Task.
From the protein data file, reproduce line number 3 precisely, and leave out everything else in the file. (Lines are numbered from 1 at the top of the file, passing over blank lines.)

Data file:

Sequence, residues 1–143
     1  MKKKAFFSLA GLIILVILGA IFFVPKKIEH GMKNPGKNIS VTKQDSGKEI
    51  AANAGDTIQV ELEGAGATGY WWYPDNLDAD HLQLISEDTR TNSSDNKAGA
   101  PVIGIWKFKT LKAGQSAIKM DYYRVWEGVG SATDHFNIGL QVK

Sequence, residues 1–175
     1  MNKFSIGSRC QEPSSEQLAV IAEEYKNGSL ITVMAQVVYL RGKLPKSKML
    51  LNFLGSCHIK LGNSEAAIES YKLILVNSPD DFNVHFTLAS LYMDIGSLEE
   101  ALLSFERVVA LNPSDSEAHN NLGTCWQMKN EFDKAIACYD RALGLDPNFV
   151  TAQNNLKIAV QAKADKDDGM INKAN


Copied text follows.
    51  AANAGDTIQV ELEGAGATGY WWYPDNLDAD HLQLISEDTR TNSSDNKAGA